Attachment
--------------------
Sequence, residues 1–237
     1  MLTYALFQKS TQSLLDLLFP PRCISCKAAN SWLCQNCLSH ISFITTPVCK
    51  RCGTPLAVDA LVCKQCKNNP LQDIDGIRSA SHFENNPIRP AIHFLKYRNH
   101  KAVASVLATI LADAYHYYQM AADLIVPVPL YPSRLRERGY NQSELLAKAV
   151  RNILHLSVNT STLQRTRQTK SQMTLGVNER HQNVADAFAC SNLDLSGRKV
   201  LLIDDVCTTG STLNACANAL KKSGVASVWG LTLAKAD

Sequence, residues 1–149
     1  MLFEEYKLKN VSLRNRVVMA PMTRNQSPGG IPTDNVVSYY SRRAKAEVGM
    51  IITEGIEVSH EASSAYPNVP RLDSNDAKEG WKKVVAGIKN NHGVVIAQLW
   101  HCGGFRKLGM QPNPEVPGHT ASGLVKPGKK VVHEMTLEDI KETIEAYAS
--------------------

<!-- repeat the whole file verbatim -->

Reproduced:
Sequence, residues 1–237
     1  MLTYALFQKS TQSLLDLLFP PRCISCKAAN SWLCQNCLSH ISFITTPVCK
    51  RCGTPLAVDA LVCKQCKNNP LQDIDGIRSA SHFENNPIRP AIHFLKYRNH
   101  KAVASVLATI LADAYHYYQM AADLIVPVPL YPSRLRERGY NQSELLAKAV
   151  RNILHLSVNT STLQRTRQTK SQMTLGVNER HQNVADAFAC SNLDLSGRKV
   201  LLIDDVCTTG STLNACANAL KKSGVASVWG LTLAKAD

Sequence, residues 1–149
     1  MLFEEYKLKN VSLRNRVVMA PMTRNQSPGG IPTDNVVSYY SRRAKAEVGM
    51  IITEGIEVSH EASSAYPNVP RLDSNDAKEG WKKVVAGIKN NHGVVIAQLW
   101  HCGGFRKLGM QPNPEVPGHT ASGLVKPGKK VVHEMTLEDI KETIEAYAS